It played a crucial role in the Anarchy Civil War from 1135 to 1153, but by the 14th Century, its military and defence uses had lessened. And with the English Civil War seeing to it that much of the original castle was destroyed, by the 18th century the remainder of the building had come into use as HM Oxford Prison, which saw a new prison complex erected on the derelict site.
The prison was closed in 1996, but the castle still remains a popular tourist attraction in the city. What remains of the old medieval castle, including the motte and St George’s Tower, which is actually believed to pre-date the old remains when it was a watch tower for the old Saxon west gate to the city, are Grade I listed buildings.
Britain’s oldest botanical garden is situated right in the heart of Oxford, and is also one of the oldest scientific gardens in the world. Founded in 1621 as a physic garden (which specialises in herbs with medicinal properties), Oxford Botanical Gardens houses over 5000 different species of plants across 1.8 hectares - equivalent to three football pitches!
The English sculptor and architect Nicholas Stone designed and built the famous Denby Gateway, one of the three entrances to the garden, between 1632 and 1633, and it is one of the earliest examples of a building in Oxford to utilise the classical/early Baroque style of design.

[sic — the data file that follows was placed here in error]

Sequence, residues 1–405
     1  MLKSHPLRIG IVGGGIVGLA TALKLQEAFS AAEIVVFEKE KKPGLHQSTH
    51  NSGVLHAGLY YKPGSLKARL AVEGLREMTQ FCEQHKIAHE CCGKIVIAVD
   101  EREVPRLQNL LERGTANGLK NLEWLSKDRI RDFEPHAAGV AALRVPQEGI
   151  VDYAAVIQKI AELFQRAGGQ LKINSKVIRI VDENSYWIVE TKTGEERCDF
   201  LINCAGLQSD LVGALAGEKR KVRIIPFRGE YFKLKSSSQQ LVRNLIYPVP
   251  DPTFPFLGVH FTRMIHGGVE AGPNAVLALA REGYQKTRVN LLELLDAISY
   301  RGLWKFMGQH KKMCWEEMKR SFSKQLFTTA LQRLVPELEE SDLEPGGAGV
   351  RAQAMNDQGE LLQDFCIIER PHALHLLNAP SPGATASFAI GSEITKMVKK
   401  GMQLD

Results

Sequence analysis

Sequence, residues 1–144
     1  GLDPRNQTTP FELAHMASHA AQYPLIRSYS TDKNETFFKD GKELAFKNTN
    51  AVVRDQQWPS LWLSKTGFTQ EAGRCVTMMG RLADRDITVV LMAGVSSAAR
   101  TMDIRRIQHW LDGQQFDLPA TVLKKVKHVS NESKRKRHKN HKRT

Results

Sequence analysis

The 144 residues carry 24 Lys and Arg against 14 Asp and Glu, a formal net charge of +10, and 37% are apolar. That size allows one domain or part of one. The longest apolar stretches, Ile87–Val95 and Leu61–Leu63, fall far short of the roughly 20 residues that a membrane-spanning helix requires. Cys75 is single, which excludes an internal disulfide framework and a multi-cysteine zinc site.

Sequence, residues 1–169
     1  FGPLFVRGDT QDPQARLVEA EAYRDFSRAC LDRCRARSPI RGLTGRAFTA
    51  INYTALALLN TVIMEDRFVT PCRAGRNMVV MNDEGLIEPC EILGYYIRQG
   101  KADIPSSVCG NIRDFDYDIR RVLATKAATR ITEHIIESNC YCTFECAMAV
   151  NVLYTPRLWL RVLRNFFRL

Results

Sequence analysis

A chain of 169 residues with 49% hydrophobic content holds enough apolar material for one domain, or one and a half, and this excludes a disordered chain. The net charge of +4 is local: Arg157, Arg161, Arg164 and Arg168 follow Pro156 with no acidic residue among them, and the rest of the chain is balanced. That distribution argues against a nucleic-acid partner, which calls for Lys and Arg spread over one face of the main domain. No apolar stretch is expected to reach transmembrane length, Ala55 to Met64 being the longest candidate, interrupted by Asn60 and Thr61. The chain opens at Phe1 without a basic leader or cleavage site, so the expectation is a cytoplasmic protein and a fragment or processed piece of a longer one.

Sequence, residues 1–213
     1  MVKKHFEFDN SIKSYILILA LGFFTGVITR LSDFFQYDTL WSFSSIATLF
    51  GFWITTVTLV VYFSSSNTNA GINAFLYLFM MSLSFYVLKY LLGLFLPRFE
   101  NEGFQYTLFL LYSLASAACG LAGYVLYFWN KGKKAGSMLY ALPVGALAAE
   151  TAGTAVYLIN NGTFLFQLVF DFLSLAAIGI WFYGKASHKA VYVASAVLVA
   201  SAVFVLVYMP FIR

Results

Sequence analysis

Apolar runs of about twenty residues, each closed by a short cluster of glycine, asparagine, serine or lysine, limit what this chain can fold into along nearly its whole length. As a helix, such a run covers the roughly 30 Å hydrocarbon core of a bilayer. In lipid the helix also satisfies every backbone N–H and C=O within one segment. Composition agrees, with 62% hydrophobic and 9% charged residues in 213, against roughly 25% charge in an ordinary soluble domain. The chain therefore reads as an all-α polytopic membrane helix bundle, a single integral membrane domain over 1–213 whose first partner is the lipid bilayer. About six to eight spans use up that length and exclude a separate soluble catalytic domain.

The garden itself is divided into three specific sections; the Walled Garden, which is also the site of its oldest tree, an English Yew, the glasshouses, which play a vital role in the cultivation of plants that are more sensitive to the extremes (and then some) of British weather, and the Lower Garden.
Lewis Carroll took great interest in and inspiration from the garden when writing his novel Alice’s Adventures in Wonderland. In fact, early copies of the book, with illustrations by Sir John Tenniel, depict the garden’s glasshouse for water lilies in the background of the colour plate titled ‘The Queen’s Croquet-Ground’.
Not to be confused with the bridge of the same name in Venice, Italy (although very much an affectionate nod in its direction), the Bridge of Sighs is another of Oxford’s key landmarks, and was designed by architect Sir Thomas Jackson to connect the new and old Quadrangles of Hertford College on New College Lane, just off Catte Street.